As you may be aware, the Government is proposing new rates of tax for company dividends paid out from 6 April 2016. Hitherto, there has been an overall saving for owner managed businesses because there was only tax on dividends received, whereas salary payments or self employment income attracted both tax and National Insurance and this new legislation is designed to mitigate that advantage. The proposals mean that the tax rate on dividends will increase from 6 April 2016, partially offsetting the National Insurance saving, although not entirely.
The main consideration for anyone with accumulated profits within their company is whether to pay out dividends before 5 April 2016 which might otherwise have been paid later, thereby beating the tax hike.
There are more details below but, as is often the case with taxation, the rules aren’t straightforward and there is also a tax free dividend allowance of £5,000 per annum being factored in, so some people, such as those with a small investment portfolio, may actually be better off.
- The first £5,000 of dividends received will be taxed at 0% (ie tax free under the allowance)
- The first £5,000 of dividends will continue to count towards your taxable income total, potentially pushing other income in to higher tax rate bands.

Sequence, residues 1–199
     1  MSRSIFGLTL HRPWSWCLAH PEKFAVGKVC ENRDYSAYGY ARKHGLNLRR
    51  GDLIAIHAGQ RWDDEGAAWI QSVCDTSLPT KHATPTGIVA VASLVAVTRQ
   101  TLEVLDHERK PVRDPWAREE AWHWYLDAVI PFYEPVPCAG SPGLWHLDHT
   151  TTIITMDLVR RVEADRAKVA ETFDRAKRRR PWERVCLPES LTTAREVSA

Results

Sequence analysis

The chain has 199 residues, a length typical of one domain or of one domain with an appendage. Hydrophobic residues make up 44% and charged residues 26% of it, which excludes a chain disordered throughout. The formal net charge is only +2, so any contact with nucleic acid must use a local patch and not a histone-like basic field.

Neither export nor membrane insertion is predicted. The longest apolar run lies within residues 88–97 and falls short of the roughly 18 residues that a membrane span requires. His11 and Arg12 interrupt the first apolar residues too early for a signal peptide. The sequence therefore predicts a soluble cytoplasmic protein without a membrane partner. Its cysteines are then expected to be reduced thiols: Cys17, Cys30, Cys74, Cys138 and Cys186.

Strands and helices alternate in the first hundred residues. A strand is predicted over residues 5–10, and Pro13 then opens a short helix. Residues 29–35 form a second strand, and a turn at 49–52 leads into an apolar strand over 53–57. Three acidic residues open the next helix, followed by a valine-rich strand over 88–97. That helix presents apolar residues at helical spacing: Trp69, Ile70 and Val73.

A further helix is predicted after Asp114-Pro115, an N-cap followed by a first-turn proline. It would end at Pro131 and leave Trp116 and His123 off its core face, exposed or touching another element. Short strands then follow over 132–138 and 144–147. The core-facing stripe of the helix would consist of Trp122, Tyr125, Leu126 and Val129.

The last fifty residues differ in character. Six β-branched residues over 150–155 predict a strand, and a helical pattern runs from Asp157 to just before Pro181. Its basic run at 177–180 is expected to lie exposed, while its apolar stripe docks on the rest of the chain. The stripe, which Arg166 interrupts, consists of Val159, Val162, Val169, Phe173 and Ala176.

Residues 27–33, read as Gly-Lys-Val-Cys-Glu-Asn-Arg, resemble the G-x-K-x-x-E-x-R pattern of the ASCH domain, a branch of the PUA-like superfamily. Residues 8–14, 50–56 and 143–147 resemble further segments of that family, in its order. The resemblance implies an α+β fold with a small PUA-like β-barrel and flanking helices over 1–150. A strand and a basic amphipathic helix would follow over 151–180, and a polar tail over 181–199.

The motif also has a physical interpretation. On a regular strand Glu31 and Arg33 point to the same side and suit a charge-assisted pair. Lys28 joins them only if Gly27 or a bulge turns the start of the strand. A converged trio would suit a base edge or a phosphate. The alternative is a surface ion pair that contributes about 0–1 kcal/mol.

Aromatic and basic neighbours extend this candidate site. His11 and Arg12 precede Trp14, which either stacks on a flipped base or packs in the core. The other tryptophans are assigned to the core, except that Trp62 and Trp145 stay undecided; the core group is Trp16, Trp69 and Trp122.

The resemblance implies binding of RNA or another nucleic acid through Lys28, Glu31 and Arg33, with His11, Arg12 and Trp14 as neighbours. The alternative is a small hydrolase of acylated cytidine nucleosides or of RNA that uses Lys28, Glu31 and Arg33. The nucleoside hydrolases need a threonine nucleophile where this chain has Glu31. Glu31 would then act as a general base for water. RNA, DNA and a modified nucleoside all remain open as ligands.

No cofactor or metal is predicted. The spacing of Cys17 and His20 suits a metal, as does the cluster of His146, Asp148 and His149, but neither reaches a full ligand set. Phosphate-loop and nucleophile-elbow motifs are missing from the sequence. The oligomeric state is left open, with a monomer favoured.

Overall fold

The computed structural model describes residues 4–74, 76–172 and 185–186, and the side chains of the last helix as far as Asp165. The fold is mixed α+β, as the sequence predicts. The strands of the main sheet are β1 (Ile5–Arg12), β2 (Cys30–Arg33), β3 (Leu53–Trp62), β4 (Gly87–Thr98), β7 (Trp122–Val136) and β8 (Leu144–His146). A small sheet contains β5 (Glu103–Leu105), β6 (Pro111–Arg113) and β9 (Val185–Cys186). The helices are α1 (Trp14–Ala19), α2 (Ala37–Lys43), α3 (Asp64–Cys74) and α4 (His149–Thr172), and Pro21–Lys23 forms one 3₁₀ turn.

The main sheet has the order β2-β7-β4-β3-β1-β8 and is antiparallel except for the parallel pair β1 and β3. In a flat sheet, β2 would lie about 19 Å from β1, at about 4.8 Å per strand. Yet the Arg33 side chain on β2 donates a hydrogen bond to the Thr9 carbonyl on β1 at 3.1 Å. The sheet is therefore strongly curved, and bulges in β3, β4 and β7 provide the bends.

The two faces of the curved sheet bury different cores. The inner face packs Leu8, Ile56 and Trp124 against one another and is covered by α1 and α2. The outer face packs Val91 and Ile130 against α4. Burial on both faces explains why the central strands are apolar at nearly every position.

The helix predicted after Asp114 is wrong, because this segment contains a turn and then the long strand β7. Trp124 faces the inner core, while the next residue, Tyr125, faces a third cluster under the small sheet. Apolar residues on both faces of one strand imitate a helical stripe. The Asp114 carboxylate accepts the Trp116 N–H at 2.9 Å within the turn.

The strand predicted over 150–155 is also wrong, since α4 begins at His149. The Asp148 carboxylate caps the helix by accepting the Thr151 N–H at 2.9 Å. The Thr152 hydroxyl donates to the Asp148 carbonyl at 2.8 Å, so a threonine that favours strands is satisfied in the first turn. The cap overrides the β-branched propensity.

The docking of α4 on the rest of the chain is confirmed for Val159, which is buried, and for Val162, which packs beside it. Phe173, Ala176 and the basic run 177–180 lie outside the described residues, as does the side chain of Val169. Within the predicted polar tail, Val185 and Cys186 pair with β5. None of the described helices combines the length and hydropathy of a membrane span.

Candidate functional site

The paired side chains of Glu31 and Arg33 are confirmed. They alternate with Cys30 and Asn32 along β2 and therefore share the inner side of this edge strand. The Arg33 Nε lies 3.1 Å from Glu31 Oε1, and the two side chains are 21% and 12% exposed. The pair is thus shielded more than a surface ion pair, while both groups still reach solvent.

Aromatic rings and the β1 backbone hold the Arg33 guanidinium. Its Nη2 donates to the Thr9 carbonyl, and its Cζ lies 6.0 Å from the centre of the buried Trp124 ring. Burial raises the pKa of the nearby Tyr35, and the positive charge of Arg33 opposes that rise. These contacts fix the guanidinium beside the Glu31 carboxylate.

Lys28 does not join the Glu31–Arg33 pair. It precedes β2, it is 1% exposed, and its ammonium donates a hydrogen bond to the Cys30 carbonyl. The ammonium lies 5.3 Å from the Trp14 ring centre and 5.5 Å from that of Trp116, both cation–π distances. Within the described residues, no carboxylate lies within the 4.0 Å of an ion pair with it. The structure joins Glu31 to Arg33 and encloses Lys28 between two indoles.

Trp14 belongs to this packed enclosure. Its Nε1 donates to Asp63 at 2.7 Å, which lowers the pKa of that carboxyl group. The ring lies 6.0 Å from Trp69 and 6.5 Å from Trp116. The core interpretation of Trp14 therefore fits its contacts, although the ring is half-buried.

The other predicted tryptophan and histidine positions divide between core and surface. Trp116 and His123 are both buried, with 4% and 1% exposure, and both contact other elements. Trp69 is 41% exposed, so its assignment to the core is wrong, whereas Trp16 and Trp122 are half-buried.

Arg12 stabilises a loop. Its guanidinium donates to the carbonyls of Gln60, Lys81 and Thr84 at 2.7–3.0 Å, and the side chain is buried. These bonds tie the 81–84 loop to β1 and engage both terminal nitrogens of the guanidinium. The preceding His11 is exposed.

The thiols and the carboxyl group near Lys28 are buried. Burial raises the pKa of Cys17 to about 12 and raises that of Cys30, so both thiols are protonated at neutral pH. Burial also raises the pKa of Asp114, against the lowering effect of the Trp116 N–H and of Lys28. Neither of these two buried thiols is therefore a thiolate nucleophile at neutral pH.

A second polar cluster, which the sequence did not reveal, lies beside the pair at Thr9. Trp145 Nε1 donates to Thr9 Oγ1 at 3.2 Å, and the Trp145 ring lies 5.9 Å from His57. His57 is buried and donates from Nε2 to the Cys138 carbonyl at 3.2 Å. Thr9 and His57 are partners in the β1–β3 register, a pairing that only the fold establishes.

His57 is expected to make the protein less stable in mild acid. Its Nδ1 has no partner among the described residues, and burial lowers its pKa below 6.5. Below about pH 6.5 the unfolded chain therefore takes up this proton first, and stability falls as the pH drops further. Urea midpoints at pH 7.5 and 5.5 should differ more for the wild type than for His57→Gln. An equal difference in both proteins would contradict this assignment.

- Further dividends falling within the 20% Basic Rate Tax Band will be taxed at 7.5% from 6 April 2016 (Remember that the company will have already paid, say, 20% Corporation tax on the profits being distributed)
- Further dividends falling within the 40% Higher Rate Tax Band will be taxed at 32.5% from 6 April 2016 (Again, the company will have already suffered Corporation Tax thereon)
- Further dividends falling within the 45% Additional Rate Tax Band will be taxed at 38.1% from 6 April 2016 (Again, the company will have already suffered Corporation Tax thereon)
- Although the three rates above appear lower than the prevailing Income Tax Rates, once combined with the Corporation Tax already paid, the aggregate taxation will exceed the Income Tax rates, thereby offsetting any National Insurance saving.
- There will be no Tax Credit attached to the dividends as has been the case hitherto
- Shares held in ISAs are excluded from this treatment, as are shares held in exempt Pension Funds.
EFFECTIVE TAX RATES AT A GLANCE:
|Basic rate taxpayers||nil%||20%||7.50%||26%||7.50%||25.08%|
|Higher rate taxpayers||25%||40%||32.50%||46%||32.50%||45.33%|
|Additional rate taxpayers||30.55%||44.44%||38.10%||50.48%||38.10%||49.86%|
* For dividends in excess of the £5,000 tax free allowance
** In 2017/18 Corporation Tax is scheduled to fall to 19%
What is important is that you consider whether it is worth bringing any dividend payments forward to a date before 5th April 2016 to mitigate the tax impact. Please make contact if you wish to discuss it with us.